Leading crop-production models predict that higher temperatures and dryer soils will diminish crop yields as a result of global climate change in the year 2050. The models also predict that another anticipated climate-change phenomenonthe yield-stimulating effects of elevated carbon dioxidewill offset those losses. So nothing gained or lost, right? Not quite, says a team of Agricultural Research Service (ARS), University of Illinois at Urbana-Champaign (UIUC), and Swiss scientists.
In this week's issue of Science, the researchers contend that today's simulation models overestimate the "CO2 fertilization effect," which refers to the improved efficiency of some crops in using sunlight to convert CO2 into sugars. The problem is, the models rely on data from enclosure studies, say ARS plant physiologists Donald Ort and Elizabeth Ainsworth, UIUC scientists Stephen Long and Andrew Leakey, and Josef Nösberger of the Institute of Plant Science in Switzerland. According to their Science paper, trapped heat, poor airflow, high humidity and other conditions inside greenhouses and growth chambers skew plant responses to elevated CO2.
To avoid these problems, the researchers used free-air concentration enrichment (FACE) to simulate the atmosphere of 2050 under actual field conditions. The method continuously exposes crop plants within 66-foot-diameter plots to 550 parts/million (ppm)the CO2 concentration predicted for 2050. The current level is 380 ppm. Ort, who leads the ARS Photosynthesis Research Unit in Urbana, monitored the growth and yield of corn and soybeans there with his ARS and UIUC colleagues. In Maricopa, Ariz., an ARS collaborator monitored wheat and sorghum; in Switzerland, Nösberger examined forage grasses.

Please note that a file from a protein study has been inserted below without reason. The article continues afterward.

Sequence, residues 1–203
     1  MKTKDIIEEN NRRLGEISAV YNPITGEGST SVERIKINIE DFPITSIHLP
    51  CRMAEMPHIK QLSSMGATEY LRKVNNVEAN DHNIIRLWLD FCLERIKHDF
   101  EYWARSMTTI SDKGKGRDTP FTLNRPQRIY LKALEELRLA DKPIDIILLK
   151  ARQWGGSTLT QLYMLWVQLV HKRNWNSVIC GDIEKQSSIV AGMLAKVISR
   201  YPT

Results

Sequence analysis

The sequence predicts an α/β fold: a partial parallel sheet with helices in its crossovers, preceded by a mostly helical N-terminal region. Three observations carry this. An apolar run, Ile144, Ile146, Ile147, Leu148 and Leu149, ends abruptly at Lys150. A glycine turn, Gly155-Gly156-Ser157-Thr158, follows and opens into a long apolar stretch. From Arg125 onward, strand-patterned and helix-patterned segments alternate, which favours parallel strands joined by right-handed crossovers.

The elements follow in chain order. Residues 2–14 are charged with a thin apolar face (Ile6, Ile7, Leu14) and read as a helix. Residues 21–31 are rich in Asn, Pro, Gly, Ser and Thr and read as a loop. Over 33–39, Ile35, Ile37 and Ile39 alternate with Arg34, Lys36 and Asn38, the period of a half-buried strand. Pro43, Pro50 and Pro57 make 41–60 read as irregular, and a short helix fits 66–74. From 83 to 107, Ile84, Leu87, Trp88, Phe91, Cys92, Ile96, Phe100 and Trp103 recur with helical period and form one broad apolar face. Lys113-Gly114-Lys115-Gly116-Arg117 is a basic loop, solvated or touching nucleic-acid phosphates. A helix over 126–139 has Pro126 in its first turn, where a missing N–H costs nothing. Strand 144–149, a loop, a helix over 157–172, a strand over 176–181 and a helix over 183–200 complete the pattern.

After collecting FACE data for the crops, the scientists compared it to earlier growth-chamber-based simulations. The difference was dramatic: CO2 fertilization-effect yield increases measured in the FACE experiments were 50 percent lower than the chamber simulations.
According to Ort, the finding warrants a reexamination of CO2's role in forecasting future yields, especially in the presence of other climate-change concerns such as ozone pollution, which is toxic to crops.
ARS is the U.S. Department of Agriculture's chief scientific research agency.